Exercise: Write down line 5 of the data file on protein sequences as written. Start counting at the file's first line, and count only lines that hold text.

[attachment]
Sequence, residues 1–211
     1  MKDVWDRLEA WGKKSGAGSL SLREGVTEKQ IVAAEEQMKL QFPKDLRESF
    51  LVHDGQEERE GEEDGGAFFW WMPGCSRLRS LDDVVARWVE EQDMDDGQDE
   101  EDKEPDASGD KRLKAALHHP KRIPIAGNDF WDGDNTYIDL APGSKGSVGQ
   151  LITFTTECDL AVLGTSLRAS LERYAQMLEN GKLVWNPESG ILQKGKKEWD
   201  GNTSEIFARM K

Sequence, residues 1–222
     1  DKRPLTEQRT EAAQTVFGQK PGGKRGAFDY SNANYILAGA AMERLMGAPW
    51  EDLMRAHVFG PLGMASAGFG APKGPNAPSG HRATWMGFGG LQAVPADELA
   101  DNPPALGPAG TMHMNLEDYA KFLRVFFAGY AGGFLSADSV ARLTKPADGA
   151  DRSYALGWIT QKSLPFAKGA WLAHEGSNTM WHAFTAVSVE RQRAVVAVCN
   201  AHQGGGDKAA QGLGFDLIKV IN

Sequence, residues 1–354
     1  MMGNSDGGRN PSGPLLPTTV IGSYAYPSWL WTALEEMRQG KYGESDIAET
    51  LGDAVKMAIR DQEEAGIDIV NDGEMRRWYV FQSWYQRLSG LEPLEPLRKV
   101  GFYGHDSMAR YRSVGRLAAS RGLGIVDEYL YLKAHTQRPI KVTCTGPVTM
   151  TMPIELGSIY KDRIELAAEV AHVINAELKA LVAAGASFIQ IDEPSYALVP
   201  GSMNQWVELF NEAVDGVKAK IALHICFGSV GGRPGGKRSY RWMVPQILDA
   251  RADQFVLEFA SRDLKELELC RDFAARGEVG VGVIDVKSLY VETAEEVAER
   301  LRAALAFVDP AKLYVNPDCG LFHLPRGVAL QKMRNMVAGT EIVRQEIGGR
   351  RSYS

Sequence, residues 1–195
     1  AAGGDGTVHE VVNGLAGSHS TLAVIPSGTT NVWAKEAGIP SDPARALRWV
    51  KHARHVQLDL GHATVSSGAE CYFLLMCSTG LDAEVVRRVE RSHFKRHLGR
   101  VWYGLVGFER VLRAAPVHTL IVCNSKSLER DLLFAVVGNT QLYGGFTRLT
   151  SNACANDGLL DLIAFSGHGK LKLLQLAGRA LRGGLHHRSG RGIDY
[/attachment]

   151  LITFTTECDL AVLGTSLRAS LERYAQMLEN GKLVWNPESG ILQKGKKEWD